The Spool / Reviews
No les bons temps rouler in Parish
Parish, AMC’s Giancarlo Esposito-led crime drama, has nothing new to say and yet takes so much time to say it.
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Theoretically, Parish is an adaptation of the three-episode British series The Driver. In practice, the similarities boil down to “What if there was a driver who used to do crime and might start again?” Considering how standard the plot is—a reformed criminal pushed back into a life of crime—it seems strange to call it an adaptation.

To get specific, Gray Parish (Giancarlo Esposito) is a former wheelman who left crime a long time ago. In the time since, he met and married Ros (Paula Malcomson) and started a livery service. He and Ros had two children together as well, Maddox (Caleb Baumann) and Makayla (Arica Himmel). A year before the show’s story begins, Maddox was shot to death, and the killer remains at large. Gray has particularly struggled with the fallout. Additionally, his business is falling apart, seemingly from a combination of his grief and the economy.

Into this precarious situation arrives Colin (Skeet Ulrich), a friend of Parish’s from the old days. Colin, barely out of prison, has already gotten in trouble with The Horse (Zackary Momoh), leader of an increasingly powerful New Orleans gang, The Tongais. To keep himself alive, he needs Parish’s help in cleaning out a safe. Out of a mix of loyalty and his own financial desperation, Parish agrees. Unfortunately, one job is never just one job.

Skeet Ulrich looks ready for Thunder Road. (Alyssa Moran/AMC)

If it sounds familiar, well, it should. Viewers have likely seen a dozen or more films and TV series with near-identical plots. That genericness is, sadly, Parish’s original sin, one it never overcomes.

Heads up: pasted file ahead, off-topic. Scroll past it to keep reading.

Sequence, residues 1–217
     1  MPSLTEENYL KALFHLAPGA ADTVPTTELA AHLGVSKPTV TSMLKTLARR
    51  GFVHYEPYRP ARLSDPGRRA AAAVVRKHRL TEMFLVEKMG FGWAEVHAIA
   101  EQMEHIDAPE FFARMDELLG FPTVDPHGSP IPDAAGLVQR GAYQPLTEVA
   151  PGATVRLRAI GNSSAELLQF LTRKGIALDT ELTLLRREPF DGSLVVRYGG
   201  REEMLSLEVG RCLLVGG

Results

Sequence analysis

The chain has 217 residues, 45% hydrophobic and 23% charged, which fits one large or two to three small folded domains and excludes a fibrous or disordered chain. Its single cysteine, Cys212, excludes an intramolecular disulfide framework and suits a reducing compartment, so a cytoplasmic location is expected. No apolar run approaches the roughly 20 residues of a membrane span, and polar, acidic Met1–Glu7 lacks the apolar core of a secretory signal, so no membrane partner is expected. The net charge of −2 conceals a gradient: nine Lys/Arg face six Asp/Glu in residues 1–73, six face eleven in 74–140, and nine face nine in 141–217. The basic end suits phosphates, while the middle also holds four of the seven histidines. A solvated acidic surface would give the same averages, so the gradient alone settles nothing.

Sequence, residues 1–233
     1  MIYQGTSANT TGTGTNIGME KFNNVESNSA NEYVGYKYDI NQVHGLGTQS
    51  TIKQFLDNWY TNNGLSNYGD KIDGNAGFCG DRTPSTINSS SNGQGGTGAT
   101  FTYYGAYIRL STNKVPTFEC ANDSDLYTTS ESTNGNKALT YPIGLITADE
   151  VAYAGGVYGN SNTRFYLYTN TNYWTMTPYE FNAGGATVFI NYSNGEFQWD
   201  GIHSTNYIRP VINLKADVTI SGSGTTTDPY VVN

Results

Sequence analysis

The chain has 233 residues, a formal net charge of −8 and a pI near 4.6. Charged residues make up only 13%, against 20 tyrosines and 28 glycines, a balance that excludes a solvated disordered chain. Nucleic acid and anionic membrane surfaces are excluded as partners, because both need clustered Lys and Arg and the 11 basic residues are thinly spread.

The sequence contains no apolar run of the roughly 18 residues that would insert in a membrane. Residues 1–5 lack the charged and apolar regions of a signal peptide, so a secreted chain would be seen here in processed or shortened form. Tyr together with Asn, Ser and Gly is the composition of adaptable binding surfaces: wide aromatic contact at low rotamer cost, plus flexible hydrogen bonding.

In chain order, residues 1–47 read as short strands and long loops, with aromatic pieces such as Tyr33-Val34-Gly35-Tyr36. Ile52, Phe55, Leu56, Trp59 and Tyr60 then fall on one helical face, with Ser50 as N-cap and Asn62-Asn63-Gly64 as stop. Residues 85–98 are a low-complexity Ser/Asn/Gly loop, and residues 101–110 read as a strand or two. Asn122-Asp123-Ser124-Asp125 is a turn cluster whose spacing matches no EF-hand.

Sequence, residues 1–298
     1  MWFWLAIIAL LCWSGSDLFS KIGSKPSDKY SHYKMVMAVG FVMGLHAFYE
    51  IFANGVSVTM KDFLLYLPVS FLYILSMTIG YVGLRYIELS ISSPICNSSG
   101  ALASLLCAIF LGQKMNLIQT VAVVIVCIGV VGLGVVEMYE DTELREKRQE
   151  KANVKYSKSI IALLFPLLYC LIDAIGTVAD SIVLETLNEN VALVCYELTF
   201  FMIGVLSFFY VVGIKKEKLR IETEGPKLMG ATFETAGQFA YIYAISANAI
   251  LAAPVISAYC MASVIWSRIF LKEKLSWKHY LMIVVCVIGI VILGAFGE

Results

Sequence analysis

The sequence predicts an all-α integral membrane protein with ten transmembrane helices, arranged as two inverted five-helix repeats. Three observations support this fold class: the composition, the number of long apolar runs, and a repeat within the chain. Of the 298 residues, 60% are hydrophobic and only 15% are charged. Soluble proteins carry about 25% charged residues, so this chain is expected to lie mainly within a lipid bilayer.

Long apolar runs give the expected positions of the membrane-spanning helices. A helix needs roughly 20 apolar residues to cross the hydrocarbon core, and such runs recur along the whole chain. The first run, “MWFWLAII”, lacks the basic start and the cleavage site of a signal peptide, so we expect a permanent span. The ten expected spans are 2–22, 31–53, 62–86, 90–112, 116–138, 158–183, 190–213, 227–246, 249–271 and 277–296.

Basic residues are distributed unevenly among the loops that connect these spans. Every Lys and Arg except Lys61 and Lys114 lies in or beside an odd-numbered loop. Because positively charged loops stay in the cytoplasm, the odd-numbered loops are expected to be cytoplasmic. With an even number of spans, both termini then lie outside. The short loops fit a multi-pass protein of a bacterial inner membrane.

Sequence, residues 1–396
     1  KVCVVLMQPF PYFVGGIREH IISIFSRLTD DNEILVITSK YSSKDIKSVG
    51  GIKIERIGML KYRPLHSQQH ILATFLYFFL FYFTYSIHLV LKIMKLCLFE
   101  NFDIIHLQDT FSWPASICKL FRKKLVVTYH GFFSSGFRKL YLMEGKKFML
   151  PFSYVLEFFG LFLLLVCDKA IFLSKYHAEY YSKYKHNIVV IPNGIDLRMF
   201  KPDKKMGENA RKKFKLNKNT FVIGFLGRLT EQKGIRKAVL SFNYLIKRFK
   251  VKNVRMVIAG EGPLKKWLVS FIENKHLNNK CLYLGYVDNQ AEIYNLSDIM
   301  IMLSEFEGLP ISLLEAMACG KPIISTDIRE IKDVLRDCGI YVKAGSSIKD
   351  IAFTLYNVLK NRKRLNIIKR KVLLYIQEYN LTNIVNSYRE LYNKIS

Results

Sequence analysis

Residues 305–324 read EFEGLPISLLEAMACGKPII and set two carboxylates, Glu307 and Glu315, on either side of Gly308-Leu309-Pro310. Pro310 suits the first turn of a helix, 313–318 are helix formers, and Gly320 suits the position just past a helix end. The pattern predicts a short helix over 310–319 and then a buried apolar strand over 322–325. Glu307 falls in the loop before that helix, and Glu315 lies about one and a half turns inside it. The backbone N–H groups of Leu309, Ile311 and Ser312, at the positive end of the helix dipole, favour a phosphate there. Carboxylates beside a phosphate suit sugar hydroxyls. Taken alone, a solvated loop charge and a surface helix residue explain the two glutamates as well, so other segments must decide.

It’s all the more disappointing as series developers Danny Brocklehurst—who also created the British original—and Sunu Gonera have plenty of tools assembled to give the preceding a zing. For one, there’s the location. As one of America’s coolest and most distinctive cities, there’s plenty to do with setting your tale in New Orleans and its surrounding environs. However, save for one shootout in a local graveyard, the city remains largely untapped. It could be almost anywhere.

Additionally, Parish offers some strong villains that it never succeeds in paying off. Momoh gives The Horse the façade of nobility with strains of his more typical criminal impulses shining through. His brother/lieutenant Zenzo (Ivan Mbakop) is volatile, convinced that to be anything but betrays their family legacy. On the other side of the developing—but largely never arriving—gang war is the crime boss dressed up in political respectability Anton (Bradley Whitford). His slippery grasp of the New Orleans accent somehow works for the character, adding to the sense that everything about him is false.

Parish (AMC)
Bradley Whitford and Zackary Momoh get closer. (Alyssa Moran/AMC)

The confrontation between Anton and The Horse at a fundraising event reflects the show in microcosm. There’s an excellent build-up of tension and a cracker of a first line between the two. However, when the story returns to them at the start of the next episode, the situation fizzles out almost immediately. So much of Parish goes that route—plenty of anticipation, little by way of satisfying climax.

One complaint about this era in entertainment is that television has sucked up too many of the stories that would’ve made for compelling mid-budget movies with decidedly mixed results. Overall, it is not a point of view I’ve found especially convincing. That said, Parish would be a fine example for those making such an argument. There is a strong two-hour film in this show’s story and players. Esposito remains a compelling performer to watch and Ulrich is a nice surprise as the ne’er-do-well friend/catalyst. But stretched over the length of a miniseries, it drags. Even characterization, something an extended run time would usually give the creators more space to realize, feels thin and underdeveloped. The locals would declare it a thin roux at best.

Parish slips behind the wheel on AMC starting on March 31.